Amazon’s services generate a huge carbon footprint.
We think of the link between the words “amazon” and “environment” as having to do with the effects of climate change on a great South American river. But what is the environmental impact of one of our biggest companies that bears the same name?
COVID-19 has been utterly catastrophic for jobs, beyond anything experienced since the Depression. And catastrophic for those in low-income jobs: the number of homeless workers in the U.S. is expected to increase annually through 2023.
But not to worry. The pandemic saw the Federal Reserve quickly print a trillion dollars for the banks to play with—a gift of public money that could have gone to health care, education, and the environment.
And by the time markets closed on December 7, 2020, the nation’s 651 billionaires had seen their combined wealth leap by more than a trillion dollars since the pandemic shutdown on March 18. A trillion. That dwarfs both public debt and the COVID stimulus programs provided to ordinary people.
Goldman Sachs gleefully proclaims COVID-19 “a structural catalyst for a commodity supercycle.” Its profits rose by $4.5 billion in the fourth quarter of 2020—which looked shoddy next to JPMorgan Chase “earning” $12.1 billion over the same period, but solid enough.
Amazon and COVID
For its part, Amazon thoughtfully offered to assist with vaccine distribution as part of a desired expansion into digital health, pharmaceuticals—and obtaining personal and collective information about the population’s health.
It clearly needed to do so—in the first 10 months of COVID, the company’s stock price had risen by a mere 65 percent and profits by $14 billion, while its principal bureaucrat Jeff Bezos’ fortune had increased by $75.6 billion.
Amazon has had a major impact on the environment during COVID. For just like merchant bankers, IT barons are driven by their addiction to profit to do more damage to the planet. That means it’s a systemic problem, producing long-term environmental crime as well as today’s pandemic profiteering (all too often celebrated by the media).
One area of Amazon’s profit this past year is pretty obvious: all that packaging and all that driving for delivery as people have looked to avoid stores or have been unable to access them. A bonanza.
A second bonanza may be less apparent—digital media. Many people have spent a lot of time this past year watching films and TV series online. And Amazon has been a key internet distributor for Netflix as well as hosting its own Prime service.article continues after advertisementhttps://b4e98b38fc07e87e491e5f76b227ee70.safeframe.googlesyndication.com/safeframe/1-0-38/html/container.html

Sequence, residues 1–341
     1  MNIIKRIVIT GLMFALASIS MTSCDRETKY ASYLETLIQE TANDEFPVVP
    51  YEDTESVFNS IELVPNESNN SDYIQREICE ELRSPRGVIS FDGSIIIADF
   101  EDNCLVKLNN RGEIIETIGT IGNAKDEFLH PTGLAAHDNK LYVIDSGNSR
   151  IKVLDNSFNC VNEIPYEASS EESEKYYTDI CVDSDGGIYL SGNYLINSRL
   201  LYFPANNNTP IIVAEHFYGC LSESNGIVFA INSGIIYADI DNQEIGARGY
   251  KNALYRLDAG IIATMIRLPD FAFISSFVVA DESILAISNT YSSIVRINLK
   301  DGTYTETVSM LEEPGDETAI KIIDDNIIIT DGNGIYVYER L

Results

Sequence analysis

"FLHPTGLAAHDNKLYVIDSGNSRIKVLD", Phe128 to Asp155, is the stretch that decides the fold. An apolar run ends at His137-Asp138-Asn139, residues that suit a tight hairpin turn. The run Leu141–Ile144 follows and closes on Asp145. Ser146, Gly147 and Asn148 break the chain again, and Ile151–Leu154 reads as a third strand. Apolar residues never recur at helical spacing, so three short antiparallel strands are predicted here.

Amazon Web Services and “dirty” energy sources
Amazon is aware that its carbon footprint through the web is significant. Hence its 2020 takeover and renaming of the site of the 1962 World’s Fair as the Amazon Climate Pledge Arena. The unveiling occurred a mere two days after the company’s Sustainability Report disclosed a 15% increase in its carbon footprint.
Amazon Web Services (AWS) is “the world’s most comprehensive and broadly adopted cloud platform, offering over 200 fully featured services from data centers globally.” AWS generates almost half of Amazon’s operating income. Your viewing of Prime or Netflix is of course only part of the AWS world, which works with advertising, vehicular, educational, financial, gaming, governmental, and a host of other sectors of the economy.
The firm boasts of its investments in wind and solar energy to power AWS, but there are some real problems that confront not only Amazon but its principal cloudy rivals, Microsoft and Google. The first is a shared one—as more and more companies rely on them to host information, their resultant use of electricity will increase, along with the need to replace equipment. The second is specific to Amazon—it uses lots and lots of dirty energy, and doesn’t like anyone publicizing the fact.
For us to have confidence that the cloud merits its symbolic title—connoting nature and water—we need to know that the government will evaluate the energy use of its principal firms in ways that are transparent, objective—and backed up by regulatory authority to ensure enforcement. Is that likely, when our political parties are so aligned with capital? Given their bipartisan annoyance with Facebook and Twitter, perhaps it could.